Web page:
360-Degree Learning Regarding Environment

Prasad Kulkarni, Head of the Department of Environmental Studies, MIT- WPU, Pune, on sustainable behaviour and practices, on the occasion of World Environment Day

Prasad Kulkarni is a multi-disciplinary expert with demonstrated project management experience and has a vast experience in climate action, environment impact, sustainability assessment and natural resources management, and as a sustainable development (SDGs) educator. He is a Mentor of Change - Atal Innovation Mission, NITI – Aayog, Govt. of India and Life Member of Indian Society of Remote Sensing (ISRS). In an interview to BW Education on the occasion of World Environment Day, he describes the specific initiatives of his department. Excerpts:

The environment has now got a lot of focus across the spectrum, including in education. What is your approach towards it at MIT and what are you trying to achieve?

We have been working towards conservation for many decades now. However, it is getting so much attention now because we are facing a lot of problems, like the forest fires, untimely rains, the impact on farmers and so on. We have designed a masters course called MSc in Environmental Sciences which has a close link with Sustainable Development Goals which we signed in 2015. And all our course modules are connected with ecological conservation and done through research, projects and multidisciplinary work. 

When we talk about environment, there are so many interconnected aspects, including socio-economic aspects, women’s role and farmers. These are all incorporated in our course.  

As you rightly said, there is such interconnectedness.  Climate change is impacting agriculture, town planning and society in many ways. So, at MIT, how are you inculcating a holistic understanding and holistic solutions?

Our course curriculum includes understanding of Sustainable Development Goals, as a primary foundation course. We train the students and make them aligned with all the SDG’s which are 17 SDGS and which includes agriculture, water, Climate Change and others.  And it’s not only the theoretical aspects and not restricted to classroom teaching. We take students out to ecological sites, forest regions, industries and NGO. We take them to the government agencies like the soil survey department. At these visits the students talk to people to understand the real-life problems. So, a lot of field learning happens. Following that, students are involved in developing reports about it and doing laboratory studies also. That makes it a 360-degree learning.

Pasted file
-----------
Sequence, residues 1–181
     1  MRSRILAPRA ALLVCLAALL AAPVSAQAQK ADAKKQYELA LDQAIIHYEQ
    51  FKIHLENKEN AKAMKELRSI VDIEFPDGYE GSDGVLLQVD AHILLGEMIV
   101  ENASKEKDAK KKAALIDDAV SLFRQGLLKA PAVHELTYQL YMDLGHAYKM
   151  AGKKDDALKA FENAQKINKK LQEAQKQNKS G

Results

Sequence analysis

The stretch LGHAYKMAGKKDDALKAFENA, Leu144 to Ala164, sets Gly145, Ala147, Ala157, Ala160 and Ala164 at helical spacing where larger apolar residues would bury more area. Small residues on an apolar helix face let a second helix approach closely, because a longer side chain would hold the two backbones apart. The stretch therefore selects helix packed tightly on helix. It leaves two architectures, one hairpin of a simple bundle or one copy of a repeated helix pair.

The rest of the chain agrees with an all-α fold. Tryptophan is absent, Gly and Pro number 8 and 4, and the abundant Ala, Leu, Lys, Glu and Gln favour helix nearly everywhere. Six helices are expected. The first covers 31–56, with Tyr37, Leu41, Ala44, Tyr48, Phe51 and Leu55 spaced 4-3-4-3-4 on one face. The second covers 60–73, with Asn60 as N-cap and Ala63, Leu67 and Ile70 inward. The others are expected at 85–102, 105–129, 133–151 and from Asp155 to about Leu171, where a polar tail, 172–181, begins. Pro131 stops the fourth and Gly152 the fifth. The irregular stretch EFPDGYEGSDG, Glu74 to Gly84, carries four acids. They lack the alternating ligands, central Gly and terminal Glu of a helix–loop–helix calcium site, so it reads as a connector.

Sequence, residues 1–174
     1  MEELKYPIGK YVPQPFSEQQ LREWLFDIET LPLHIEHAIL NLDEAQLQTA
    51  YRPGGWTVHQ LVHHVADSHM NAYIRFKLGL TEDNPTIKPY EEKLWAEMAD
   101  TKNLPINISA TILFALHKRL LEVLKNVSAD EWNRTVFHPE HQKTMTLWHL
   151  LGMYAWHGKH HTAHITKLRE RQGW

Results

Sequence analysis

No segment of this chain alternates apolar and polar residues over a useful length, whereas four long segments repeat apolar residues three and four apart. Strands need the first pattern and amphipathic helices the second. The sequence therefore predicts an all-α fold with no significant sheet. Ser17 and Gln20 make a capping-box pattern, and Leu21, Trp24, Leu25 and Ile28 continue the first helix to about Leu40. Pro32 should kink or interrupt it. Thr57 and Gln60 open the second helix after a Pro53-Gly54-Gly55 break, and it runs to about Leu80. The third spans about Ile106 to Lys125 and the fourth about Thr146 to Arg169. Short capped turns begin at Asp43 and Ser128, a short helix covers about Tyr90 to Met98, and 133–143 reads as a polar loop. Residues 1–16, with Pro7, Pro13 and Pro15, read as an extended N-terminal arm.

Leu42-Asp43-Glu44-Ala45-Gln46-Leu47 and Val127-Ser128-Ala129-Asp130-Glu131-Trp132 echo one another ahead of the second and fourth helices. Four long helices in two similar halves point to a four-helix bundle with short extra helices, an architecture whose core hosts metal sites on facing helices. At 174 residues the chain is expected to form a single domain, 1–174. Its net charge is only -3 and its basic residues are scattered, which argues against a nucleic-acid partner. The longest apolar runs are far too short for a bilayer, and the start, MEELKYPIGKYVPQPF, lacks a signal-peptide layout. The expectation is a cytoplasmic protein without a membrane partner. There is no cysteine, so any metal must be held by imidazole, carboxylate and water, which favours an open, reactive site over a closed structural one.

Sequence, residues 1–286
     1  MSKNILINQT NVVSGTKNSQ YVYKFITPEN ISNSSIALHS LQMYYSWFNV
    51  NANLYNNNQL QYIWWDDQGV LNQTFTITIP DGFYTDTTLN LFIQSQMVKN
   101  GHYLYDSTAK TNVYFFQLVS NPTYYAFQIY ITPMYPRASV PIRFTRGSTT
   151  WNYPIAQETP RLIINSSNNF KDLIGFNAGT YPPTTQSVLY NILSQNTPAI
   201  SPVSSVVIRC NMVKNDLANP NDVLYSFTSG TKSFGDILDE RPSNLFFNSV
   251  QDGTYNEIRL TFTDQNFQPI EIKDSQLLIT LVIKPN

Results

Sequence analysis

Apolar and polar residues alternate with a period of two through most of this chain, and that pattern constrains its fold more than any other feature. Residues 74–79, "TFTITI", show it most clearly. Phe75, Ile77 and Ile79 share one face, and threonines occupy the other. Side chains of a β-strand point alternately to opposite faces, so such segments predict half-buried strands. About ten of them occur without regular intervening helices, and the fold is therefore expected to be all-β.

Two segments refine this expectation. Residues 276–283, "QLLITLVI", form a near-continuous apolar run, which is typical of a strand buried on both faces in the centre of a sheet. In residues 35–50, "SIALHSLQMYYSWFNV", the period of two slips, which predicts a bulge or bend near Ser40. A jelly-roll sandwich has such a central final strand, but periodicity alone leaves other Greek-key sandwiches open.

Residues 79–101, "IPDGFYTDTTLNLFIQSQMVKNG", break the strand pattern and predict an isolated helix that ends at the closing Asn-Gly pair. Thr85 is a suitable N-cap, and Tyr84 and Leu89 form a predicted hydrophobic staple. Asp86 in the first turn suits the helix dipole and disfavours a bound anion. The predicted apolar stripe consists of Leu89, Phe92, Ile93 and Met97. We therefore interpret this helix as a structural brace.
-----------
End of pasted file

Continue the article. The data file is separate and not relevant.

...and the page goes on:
What is the sensibility that students are bringing to the table because we have seen quite a few young environmental activists across the globe like, Greta Thunberg. And what are the concerns, their concerns? 

In our generation, as students our aim was to get good education and a good job. But now students are firm that they want to contribute something to the society and to the environment. They know what they really want to do. These students are fearless and ready to talk to government officials, forest officials or common man. They know the technology and the background of the subject. They have access to videos of forest which are burning, of ocean pollution and much more.

We just facilitate that and support them as a mentor. We have we have beautifully designed the Mentor-Mentee programme towards this.

We have a film appreciation course too. Under this course, we select a few of the important documentaries which are produced by the United Nations, the European Union and many different agencies and we show them these documentaries and discuss them with them.